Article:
The gallery wall (that sounds like a really snobby term, but I don’t know what else to call it) is full of cute things: Chris and Nate’s hand print from their first Father’s Day, the banner I made, a Chris Judge painting that I got during his Christmas sale (it is much loved but hotly debated whether it is a spider or a monster. Either way, Alex is obsessed with both), a growth chart from Ikea (they check it every day, Nate is as tall as an orange elephant), a dinosaur clock cut out of a Dino Music that we bought at Dublin Flea market before Nate was born, photos perfectly capturing what the first two weeks of brotherhood looks like, Quentin Blake greeting cards and an extremely old Babar book that was getting too delicate to read.

boysroom2Next to our art gallery is the Ikea Malm dresser and two bookshelves. This is a great dresser, it was our changing table for Alex and holds all of the boys’ clothes. We have a mini-library in the room for our bedtime stories and to keep some special or more grown up books out of reach until they are ready for them. We had books at boy-level at one point, but they always ended up in Nate’s bed (board books are not terribly comfortable) and he did tear one up, which was just heart breaking. We also have a few grooming supplies (wipes, lotion, and the Skip Hop Hare Brush & Comb Set (ha!) our indispensable Gro-Egg and Gro-Clock on the dresser. On the wall next the window to it is the first print I bought for Nate’s room of a hedgehog holding a red balloon by the gorgeous Trafalgar Square Illustrations. When Chris and I were first dating, I found a badger stuffed animal and said I wanted our kids to have random animal toys, not teddies. He didn’t disagree (or get freaked out that I was talking kids after 6 months of dating!), so this is a little homage to that. They ended up getting teddies, and lots of them. We also have Nate’s badge collection, he loves to jazz up his hoodies.

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The other side of the room has their beds (Ikea Gulliver cot bed and Kritter toddler bed  in an L-shape. Nate was sleeping with his head next to Alex until last week when Alex’s arms grew long enough and he grew wicked enough to pull Nate’s hair. The walls were bare forever until Chris’s parents brought back this gorgeous alphabet tapestry from Nepal and I found this terrific bunting by Leigh Tucker Willow at Dunnes. The boys love staring at the tapestry and have gotten much better at their letters. The beds are full of quilts and blankets that mean a lot to us. Chris’s brother bought them monogrammed fleece blankets and each boy has quilt made by my aunt Pam. Nate rotates his sleeping buddies, but Alex always has Bubby (a Cuski doll that he has never, ever been without), Bear, Dolly and Rabbit. He also has to have his orange blanket and pink blanket (which is not pink) even on the hottest summer day.

 

Me & You (July)

meandyou_july3BWThese photos are from the elevator of the g (where we stayed last weekend). It’s only 3 floors, so it’s a super fast selfie session. I like that they succession of photos looks like a photo booth with Chris nearly, but not quite, managing to smile all the way. He’s holding on tight to those teeth in the last photo.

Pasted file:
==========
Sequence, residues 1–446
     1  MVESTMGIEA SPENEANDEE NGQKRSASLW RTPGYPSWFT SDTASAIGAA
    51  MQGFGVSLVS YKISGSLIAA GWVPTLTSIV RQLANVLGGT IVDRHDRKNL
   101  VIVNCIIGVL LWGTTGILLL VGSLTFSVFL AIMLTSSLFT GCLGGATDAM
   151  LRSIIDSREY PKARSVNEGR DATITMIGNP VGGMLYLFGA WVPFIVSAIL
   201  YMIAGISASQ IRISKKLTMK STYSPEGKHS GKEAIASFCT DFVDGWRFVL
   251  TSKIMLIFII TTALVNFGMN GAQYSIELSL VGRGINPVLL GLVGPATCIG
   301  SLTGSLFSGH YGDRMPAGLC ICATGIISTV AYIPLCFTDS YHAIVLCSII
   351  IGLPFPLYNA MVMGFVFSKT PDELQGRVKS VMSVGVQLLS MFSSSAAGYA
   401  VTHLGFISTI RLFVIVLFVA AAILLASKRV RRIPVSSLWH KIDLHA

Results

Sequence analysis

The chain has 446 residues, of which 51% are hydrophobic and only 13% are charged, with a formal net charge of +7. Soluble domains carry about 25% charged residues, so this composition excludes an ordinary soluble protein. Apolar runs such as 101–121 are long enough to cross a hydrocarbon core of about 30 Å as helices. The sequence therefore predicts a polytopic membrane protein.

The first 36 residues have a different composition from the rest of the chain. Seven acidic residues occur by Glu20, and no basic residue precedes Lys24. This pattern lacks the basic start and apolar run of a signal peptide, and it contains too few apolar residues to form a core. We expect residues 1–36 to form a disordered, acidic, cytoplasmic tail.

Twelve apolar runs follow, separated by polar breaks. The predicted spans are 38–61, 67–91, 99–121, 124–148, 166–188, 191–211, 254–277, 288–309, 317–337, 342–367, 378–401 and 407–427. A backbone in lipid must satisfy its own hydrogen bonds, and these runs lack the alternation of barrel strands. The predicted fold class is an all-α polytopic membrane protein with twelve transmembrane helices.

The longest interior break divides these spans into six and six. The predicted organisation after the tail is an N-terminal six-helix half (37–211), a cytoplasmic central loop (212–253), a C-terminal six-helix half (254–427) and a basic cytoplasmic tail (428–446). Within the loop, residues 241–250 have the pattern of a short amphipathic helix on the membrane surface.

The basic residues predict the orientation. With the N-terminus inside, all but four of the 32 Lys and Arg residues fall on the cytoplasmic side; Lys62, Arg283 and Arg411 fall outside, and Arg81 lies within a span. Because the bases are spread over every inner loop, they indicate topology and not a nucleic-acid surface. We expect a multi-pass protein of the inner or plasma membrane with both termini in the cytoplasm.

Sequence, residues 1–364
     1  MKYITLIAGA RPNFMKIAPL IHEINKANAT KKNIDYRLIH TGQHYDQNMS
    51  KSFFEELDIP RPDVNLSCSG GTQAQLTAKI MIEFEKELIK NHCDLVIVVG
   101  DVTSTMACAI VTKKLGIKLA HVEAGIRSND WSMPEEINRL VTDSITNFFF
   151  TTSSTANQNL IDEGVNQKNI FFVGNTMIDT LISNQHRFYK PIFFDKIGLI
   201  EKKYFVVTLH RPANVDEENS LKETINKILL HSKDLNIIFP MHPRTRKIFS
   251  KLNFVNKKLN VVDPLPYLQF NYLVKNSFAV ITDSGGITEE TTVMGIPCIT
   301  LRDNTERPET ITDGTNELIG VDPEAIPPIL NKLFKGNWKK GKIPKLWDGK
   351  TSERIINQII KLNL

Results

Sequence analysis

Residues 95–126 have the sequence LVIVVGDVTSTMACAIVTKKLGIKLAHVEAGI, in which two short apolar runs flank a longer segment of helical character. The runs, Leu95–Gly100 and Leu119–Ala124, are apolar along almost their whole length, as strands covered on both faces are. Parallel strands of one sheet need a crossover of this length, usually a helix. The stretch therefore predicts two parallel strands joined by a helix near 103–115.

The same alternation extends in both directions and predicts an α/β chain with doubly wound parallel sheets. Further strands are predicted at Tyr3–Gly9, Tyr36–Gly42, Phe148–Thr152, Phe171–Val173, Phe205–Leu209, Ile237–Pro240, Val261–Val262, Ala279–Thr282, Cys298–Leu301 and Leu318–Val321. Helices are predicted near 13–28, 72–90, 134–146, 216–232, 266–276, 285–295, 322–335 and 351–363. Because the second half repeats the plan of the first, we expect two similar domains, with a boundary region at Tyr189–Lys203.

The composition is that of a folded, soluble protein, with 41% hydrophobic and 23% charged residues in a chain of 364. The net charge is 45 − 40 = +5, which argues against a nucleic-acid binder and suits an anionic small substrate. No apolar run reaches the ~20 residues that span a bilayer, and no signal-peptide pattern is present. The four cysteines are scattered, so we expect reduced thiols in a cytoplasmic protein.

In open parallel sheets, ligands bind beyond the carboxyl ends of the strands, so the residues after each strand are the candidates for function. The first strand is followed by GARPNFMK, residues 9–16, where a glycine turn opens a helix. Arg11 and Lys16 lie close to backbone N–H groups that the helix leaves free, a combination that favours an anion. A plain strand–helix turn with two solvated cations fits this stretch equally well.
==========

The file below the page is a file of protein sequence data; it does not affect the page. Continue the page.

We really did have an amazing weekend and it did a lot of good to be without the children. As much as we adore them and love being parents, we needed 1) a good night’s sleep, 2) to be able to finish conversations without interruption, and 3) to reconnect with the part of our relationship that’s not mom and dad. We needed this weekend to remember that we are great friends and partners because we’re both interesting people (to each other at least) with ideas, passions and thoughts that are not related to Lego building and the impracticality of the public transportation system in Dinosaur Train. Finding comfort in this (that our initial spark is still burning) made me all the more grateful that I could fall in love with Chris again because of his awesomeness as a dad. We spent a great deal of time in a kids toy shop contemplating buying a toy accordion and I love that. Of course, we were checking out toy stores long before kids. I love Chris for being fun and interesting and adorable in so many different ways and for complementing my interests so well. It was good to get away from domesticity for a while, but also so good to know we had our little life to come home to.

I brought along Mindy Kaling’s book and there was a quote that I thought very fitting for the weekend that was in it:

Married people, its up to you. It’s entirely on your shoulders to keep this sinking institution afloat. It’s a stately old ship, and a lot of people, like me, want to get on board. Please be psyched and convey the psychedness to us. Always remember that so, so many people want what you have. You’re the star at the end of a Shakespearean play, wearing a wreath of flowers in your hair. The rest of us are just little side characters.

 

2014 Project (week 29)

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These are the lazy days of summer. Our last 6 weeks before Nate starts pre-school and we have obligations during the week. I think I may have been slightly uptight in the beginning of motherhood, signing us up to lots of classes and playgroups and feeling incredibly guilty if every minute of everyday wasn’t filled with something enriching organised. Gradually it became overwhelming and expensive (especially once Alex arrived) so we started slowing down our out-of-house activities. It dawned on me a few months ago that once Nate starts school he will no longer having the mornings to play and be lazy and maybe not even change out of his pajamas. He’ll have to be somewhere by 9am every weekday morning for the rest of his life, so my little gift to my children (that they won’t remember, but will hopefully feel in their happy little hearts) is an unstructured summer full of fresh air, “jamma-days”, picnics and free time to play without expectations. (If I’d passed my driving test, it would also include beach days. Fingers crossed that will be on the agenda next summer!)